It doesn’t make sense. People who gamble for a living, or even the millions who partake for reasons involving adrenalin or the competitive rush, are far more likely to recognize the deterrents of legalization. They’ll stick with what they know, with whom they’ve done business for years, which leaves the state-operated agencies to lure new customers under the premise that it’s no longer against the law.

Hmmm. I read somewhere that golfers make perfect clients because they routinely play for money in their weekend foursomes and member/guest outings. Talk about false economy. I’m among those who won’t leave the first tee until we’ve agreed on the size of the Nassau and the reward for birdies, which, according to the first paragraph of this story, that makes me a bald-faced hypocrite. I also know guys who put down 20 bets every year at the Masters but won’t play for 10 cents at the local muni.

I just don’t see the correlation. You’d have to be a fool to think legalized gambling won’t lead to immense cash flow among leagues such as the NFL or NBA, but pro golf represents a harder sell. It’s a niche sport with a largely endemic fan base, many of whom know that all the random variables on any given week make picking winners very difficult. And in many cases, it’s not worth the commensurate payoff, given some unfriendly odds for the consumer.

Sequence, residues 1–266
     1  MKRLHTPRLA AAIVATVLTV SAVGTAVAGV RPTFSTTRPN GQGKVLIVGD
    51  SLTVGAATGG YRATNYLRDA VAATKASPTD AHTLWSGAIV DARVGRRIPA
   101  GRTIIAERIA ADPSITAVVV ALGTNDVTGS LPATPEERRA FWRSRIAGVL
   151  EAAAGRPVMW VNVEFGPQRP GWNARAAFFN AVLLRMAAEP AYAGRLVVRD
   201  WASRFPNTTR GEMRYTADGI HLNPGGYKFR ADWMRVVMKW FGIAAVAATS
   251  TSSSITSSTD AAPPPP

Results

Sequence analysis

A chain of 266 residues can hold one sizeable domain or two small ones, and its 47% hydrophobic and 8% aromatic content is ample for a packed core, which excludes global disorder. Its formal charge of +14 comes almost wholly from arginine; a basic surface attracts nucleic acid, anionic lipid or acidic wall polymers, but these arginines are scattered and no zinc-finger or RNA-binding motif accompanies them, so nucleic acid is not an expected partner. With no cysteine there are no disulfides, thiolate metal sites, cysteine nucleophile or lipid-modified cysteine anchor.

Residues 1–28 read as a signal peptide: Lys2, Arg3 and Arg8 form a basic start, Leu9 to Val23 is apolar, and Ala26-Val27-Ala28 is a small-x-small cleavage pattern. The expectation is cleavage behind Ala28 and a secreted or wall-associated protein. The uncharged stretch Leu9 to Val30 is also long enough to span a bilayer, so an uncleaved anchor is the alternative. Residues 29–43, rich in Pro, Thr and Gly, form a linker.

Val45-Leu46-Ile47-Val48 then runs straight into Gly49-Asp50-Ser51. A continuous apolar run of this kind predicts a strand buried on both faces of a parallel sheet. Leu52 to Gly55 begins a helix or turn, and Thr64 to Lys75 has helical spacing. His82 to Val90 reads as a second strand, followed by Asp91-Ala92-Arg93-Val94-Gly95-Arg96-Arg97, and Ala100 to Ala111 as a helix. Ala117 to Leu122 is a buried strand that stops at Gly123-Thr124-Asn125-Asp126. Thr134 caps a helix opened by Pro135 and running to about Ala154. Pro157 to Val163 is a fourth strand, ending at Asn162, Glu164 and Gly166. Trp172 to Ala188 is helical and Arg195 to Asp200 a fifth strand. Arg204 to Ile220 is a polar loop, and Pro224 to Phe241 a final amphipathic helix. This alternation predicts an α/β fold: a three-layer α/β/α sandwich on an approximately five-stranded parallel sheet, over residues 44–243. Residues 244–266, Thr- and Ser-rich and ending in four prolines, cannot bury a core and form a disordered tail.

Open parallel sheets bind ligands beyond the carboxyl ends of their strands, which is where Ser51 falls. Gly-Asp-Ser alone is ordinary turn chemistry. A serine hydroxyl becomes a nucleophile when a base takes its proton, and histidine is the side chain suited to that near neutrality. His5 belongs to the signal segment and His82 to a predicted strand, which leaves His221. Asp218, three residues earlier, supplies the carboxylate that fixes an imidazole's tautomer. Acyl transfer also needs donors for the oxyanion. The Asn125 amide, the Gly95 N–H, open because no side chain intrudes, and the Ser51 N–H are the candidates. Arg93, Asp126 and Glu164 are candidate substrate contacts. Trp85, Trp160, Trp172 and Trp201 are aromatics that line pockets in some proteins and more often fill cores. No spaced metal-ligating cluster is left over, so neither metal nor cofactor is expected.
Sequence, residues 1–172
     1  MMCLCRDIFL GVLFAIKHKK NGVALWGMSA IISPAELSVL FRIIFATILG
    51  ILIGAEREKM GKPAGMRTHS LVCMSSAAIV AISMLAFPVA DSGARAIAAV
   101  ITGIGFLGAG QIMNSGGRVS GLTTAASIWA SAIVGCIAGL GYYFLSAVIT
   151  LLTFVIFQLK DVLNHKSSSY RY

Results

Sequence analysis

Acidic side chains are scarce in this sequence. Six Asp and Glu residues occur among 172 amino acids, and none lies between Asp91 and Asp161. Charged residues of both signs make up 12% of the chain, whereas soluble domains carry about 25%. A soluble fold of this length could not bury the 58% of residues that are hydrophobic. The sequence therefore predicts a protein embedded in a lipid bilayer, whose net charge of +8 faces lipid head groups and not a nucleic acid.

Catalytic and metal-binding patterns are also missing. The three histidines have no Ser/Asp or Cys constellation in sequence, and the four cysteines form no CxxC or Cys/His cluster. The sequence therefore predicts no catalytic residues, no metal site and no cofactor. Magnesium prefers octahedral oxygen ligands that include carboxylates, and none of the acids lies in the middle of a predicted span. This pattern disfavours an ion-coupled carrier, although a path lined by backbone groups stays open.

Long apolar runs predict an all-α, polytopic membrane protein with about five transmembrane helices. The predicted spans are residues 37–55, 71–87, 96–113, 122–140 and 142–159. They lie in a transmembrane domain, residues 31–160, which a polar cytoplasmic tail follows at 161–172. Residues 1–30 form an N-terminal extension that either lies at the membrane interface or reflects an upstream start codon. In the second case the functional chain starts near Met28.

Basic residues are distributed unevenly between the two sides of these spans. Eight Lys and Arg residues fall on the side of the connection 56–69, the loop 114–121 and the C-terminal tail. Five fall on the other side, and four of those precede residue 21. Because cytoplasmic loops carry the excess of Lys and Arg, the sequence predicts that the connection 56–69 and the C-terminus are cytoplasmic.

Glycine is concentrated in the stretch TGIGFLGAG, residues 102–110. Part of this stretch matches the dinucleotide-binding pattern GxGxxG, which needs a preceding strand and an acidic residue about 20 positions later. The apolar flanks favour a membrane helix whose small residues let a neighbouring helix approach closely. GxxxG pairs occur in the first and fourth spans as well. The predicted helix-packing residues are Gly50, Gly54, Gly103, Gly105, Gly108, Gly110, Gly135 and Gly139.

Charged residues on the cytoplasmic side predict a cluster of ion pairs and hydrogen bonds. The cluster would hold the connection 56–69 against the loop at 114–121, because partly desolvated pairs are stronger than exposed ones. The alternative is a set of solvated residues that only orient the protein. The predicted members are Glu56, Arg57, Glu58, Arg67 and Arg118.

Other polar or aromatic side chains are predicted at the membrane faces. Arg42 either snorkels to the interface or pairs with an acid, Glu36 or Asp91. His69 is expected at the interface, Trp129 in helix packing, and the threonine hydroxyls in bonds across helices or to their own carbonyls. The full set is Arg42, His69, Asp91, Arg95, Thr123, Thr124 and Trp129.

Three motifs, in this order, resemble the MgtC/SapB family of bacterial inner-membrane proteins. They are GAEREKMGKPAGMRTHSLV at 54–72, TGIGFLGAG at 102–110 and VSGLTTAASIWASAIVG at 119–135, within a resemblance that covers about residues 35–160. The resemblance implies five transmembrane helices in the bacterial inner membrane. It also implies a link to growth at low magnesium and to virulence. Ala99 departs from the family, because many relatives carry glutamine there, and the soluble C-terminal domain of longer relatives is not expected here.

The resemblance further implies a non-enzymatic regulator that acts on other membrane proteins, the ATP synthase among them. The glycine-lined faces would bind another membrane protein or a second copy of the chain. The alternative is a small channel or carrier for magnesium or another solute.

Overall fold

Besides, if 30,000 show up at TPC Sawgrass for the third round of the Players Championship, 20,000 couldn’t care less about the actual tournament. It’s a party at which the featured entertainment is a bunch of tour pros instead of a musical act. On that note, there are a million things to do in Las Vegas other than attending the golf tournament, which is why this week’s Shriners Hospitals for Children Open will be next to invisible.

It wasn’t always that way. When the old Panasonic Las Vegas Pro Celebrity Classic debuted in 1983, it featured the game’s largest purse ($750,000), then became the first to offer more than $1 million the next year. Fuzzy Zoeller, Curtis Strange and Greg Norman were among its early champions. It was during this period when a tournament director approached Deane Beman and vigorously lobbied the commish to strike up a relationship with the local bookmakers.

The idea was to post some betting lines and promote the event from a gaming standpoint, a process that might have started with the casinos and perhaps led to wagering areas at each of the three host courses. It was a concept that never materialized, an opportunity lost. In 2014, DraftKings, a fantasy-sports content provider, approached Camp Ponte Vedra to inquire about becoming an official partner of the PGA Tour, a deal that would have provided both parties with leverage and insight regarding a landscape on which change was imminent.

Tim Finchem, Beman’s successor, turned down the pitch due to concerns over competitive integrity and consumer confidence. Five years later, the Tour has struck a deal with DraftKings and can’t open its ticket window fast enough. Perfect bedfellows? Let’s see if anyone wakes up on the wrong side of the bed.

John Hawkins is a longtime sportswriter who spent 14 years covering the PGA Tour for Golf World magazine. From 2007 to 2011, he was a regular on Golf Channel’s “Grey Goose 19th Hole.” Email: